CLC-3 is an intracellular chloride transport protein known to reside on the endosomes and synaptic vesicles, which plays a role in cancer cell proliferation. It is a member of the CLC gee family that encodes Cl– channels and Cl–/H+ exchangers, and is predominantly expressed in membranes of the endosomal system. It may also be present in synaptic vesicles and synaptic-like microvesicles (SLMVs).
CLC-3 assists in acidification of endosomes and other compartments by shunting the electrical current of the vessicular V-type H+-ATPase. Also, CLC-3 either changes the vesicular voltage or lead to luminal chloride accumulation, as directly shown for the lysosomal 2Cl–/H+-exchanger, CLC-7.
CLC protein structure
CLC has three highly conserved Cl– binding sites, which feature a partial positive charge formed by amino acid residues located in the N-terminal portion of specific alpha-helices. In the crystal structure, Cl– could be found at three specific sites made up by these amino acids: (1) an internal site (Sint) in contact with the intracellular environment, (2) a central site (Scen) buried in the membrane bilayer, and (3) an external site (Sext) in contact with the extracellular solution.
Both Sint and Scen are occupied by Cl–, whereas Sext is occupied by the negatively charged side-chain of a conserved glutamate (E148) named Gluext. In Scen, Cl– ions are coordinated mainly by residues S107 and Y445 also called Sercen and Tyrcen, respectively. Following a mutation or protonation of E148, a Cl– occurs in Sext, which renders CLC gating proton-dependency.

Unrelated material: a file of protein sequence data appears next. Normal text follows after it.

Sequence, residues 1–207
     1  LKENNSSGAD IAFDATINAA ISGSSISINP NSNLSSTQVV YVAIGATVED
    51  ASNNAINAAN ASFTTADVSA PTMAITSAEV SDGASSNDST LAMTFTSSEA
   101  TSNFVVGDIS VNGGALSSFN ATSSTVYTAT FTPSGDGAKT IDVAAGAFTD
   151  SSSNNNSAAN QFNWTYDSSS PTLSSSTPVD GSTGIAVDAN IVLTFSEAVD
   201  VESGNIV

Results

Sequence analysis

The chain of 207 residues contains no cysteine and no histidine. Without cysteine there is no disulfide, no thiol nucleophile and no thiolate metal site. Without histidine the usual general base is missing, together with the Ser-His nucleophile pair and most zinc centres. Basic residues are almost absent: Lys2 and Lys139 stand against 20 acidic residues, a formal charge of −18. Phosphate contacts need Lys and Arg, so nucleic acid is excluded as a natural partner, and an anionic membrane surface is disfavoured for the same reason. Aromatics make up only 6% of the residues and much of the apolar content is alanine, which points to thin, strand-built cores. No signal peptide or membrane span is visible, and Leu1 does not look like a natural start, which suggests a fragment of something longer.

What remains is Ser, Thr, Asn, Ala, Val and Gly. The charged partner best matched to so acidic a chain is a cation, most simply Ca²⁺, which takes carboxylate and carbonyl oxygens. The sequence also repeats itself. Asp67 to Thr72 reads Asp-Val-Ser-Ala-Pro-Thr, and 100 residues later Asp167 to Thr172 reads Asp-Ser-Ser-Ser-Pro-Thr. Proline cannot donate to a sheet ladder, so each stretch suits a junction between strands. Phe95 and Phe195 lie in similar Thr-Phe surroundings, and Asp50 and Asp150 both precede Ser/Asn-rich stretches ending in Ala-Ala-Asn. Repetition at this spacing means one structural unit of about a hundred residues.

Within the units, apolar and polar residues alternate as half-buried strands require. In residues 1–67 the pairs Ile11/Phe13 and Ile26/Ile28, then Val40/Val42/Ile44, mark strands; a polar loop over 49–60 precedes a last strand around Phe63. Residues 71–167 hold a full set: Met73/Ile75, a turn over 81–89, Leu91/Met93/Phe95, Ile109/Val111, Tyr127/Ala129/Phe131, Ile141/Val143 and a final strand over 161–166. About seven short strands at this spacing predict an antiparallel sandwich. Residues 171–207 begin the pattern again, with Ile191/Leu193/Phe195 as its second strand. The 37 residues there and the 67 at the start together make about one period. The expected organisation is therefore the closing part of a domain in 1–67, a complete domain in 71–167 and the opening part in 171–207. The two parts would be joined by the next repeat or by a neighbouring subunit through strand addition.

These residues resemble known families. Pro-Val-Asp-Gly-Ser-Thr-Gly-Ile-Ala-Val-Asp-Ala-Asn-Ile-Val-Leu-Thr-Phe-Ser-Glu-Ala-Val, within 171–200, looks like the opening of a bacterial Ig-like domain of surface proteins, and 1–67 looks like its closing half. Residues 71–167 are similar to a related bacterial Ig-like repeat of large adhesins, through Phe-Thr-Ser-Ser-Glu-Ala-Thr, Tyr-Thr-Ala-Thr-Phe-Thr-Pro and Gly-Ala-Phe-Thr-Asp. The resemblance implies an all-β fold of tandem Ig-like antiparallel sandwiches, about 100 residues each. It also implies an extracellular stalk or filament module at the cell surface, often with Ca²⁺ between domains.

Mutation of this glutamate residue abolishes voltage and Chloride-dependent gating in CLC channels and uncouples Cl–/H+ exchange, turning the proteins into passive chloride conductors.
CLC-3 plays a role in Glioblastoma multiforme
Glioblastoma multiforme, the major malignant glioma cell, expresses three members of the CLC family, CLC-2, CLC-3 and CLC-5, however, CLC-3 in particular is the a critical regulator of cell volume changes associated with cycle. There are evidences that CLC-3 is involved in neuronal excitability, proliferation and migration. It has been shown to have an important role in the invasiveness of human glioma cells as CLC-3 is abundantly expressed in the cytoplasmic membrane and in intracellular vesicles of glioma cells.
A knockdown of CLC-3 reduces resting outwardly-rectifying chloride current in glioma cells, suggesting that CLC-3 mediates resting chloride current in the plasma membrane and thus, may be involved in cell shrinkage during invasion.
Activation and inhibition of CLC-3 in glioma cells
CLC-3 activity is regulated through phosphorylation via CaMKII. Intracellular infusion of autoactivated CaMKII via patch pipette enhanced chloride currents3-fold. This regulation of CaMKII was however inhibited by autocamtide-2 related inhibitory peptide, a CaMKII-specific inhibitor.